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How to Maintain Good Nutrition While Traveling

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Whether you’re traveling for business, relaxation, adventure or family fun, hitting the road doesn’t have to derail the progress you’ve made on your health and fitness journey. Staying on track can actually be quite easy if you go into the trip with a plan and are proactive about making good nutrition choices. Here are some tips to maintain good nutrition while traveling from a nutrition pro who is constantly on the go.


Unfortunately, it’s not possible to pack your entire kitchen in your suitcase. While this doesn’t mean you have to sacrifice good nutrition choices, you should be flexible to avoid getting overwhelmed or disappointed. A “healthy at all costs” attitude isn’t the best approach for your health, mental happiness and the overall enjoyment of the trip. Focus on one or two nutrition goals instead of trying to maintain every aspect of your healthy eating routine.

For example, if extravagant dinners are on the agenda, focus your energy on researching restaurants you can enjoy without going overboard. If you’ve been on a healthy breakfast streak, keep it going by packing what you need for a nourishing morning meal or pick fresh, healthy items from the hotel’s breakfast buffet. Write down a few aspects of your nutrition habits and/or goals that are important to you and choose one or a few you feel confident you can manage while away.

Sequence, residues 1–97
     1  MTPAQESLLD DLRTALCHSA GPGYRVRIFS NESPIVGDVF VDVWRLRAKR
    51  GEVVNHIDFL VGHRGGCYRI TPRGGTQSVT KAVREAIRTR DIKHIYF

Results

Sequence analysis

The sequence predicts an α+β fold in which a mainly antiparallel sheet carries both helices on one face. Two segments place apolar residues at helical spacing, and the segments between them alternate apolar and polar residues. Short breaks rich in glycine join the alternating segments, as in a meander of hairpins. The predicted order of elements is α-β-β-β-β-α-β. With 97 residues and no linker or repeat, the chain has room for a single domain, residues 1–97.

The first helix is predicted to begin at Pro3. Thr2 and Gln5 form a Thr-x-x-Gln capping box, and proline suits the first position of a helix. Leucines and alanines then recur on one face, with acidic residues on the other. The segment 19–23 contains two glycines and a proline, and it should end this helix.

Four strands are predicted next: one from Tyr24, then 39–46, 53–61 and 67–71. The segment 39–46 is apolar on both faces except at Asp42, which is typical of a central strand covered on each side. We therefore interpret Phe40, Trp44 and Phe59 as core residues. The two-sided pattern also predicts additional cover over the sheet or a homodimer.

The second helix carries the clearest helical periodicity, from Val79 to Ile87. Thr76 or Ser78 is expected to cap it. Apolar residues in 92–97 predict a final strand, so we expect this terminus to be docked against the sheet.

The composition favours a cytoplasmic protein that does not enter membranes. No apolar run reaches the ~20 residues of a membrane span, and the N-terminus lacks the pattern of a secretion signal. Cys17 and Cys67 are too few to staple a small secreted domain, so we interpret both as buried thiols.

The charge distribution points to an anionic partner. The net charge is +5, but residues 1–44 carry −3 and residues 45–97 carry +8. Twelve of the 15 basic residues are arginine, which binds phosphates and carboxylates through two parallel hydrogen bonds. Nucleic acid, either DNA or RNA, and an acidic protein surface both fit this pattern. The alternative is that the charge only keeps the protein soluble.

We plan trips in so many ways, yet often overlook doing any planning when it comes to healthy habits. Instead of winging it and hoping for the best, a little prep work sets you up for success. Before traveling, add details to your itinerary that are related to maintaining the nutrition goals you defined. Take these simple steps to plan ahead:

  • Open a map and make note of grocery stores within a mile walking radius (or close driving distance) where you can stock up on nourishing bites.
  • Do a similar search for nearby restaurants that allow you to explore the local cuisine, but also meet your nutrition needs. Jot down a list of these places, along with menu choices you would feel good about.
  • Call the hotel ahead of time and ask if your room includes a refrigerator, microwave or access to an outdoor grill. The answer dictates what foods you are able to bring with you or purchase after arriving.
  • Do an online search to see if the area has any local health trends, companies, farmers markets and other food- or wellness-related events you could use to connect the culture with health as you travel.


Going somewhere new is fun and exciting but also requires the actual travel time to get there, which can be stressful, boring and last for hours. Kick your journey off on a healthy note by packing your own snacks so you’re not tempted to grab something unhealthy as a last resort. In addition to snacks, it’s always a great idea to bring reusable containers, cups and utensils to use throughout your trip.

If traveling by car, fill a cooler with any of the following healthy choices:

  • Sandwiches
  • Salads
  • Cut fruit or veggies
  • Hummus
  • Hard-boiled eggs
  • Trail mix or energy bites
  • Yogurt or cottage cheese
  • Whole-grain crackers

If taking off by airplane, stash these TSA-approved bites in your carry-on:

  • Protein bars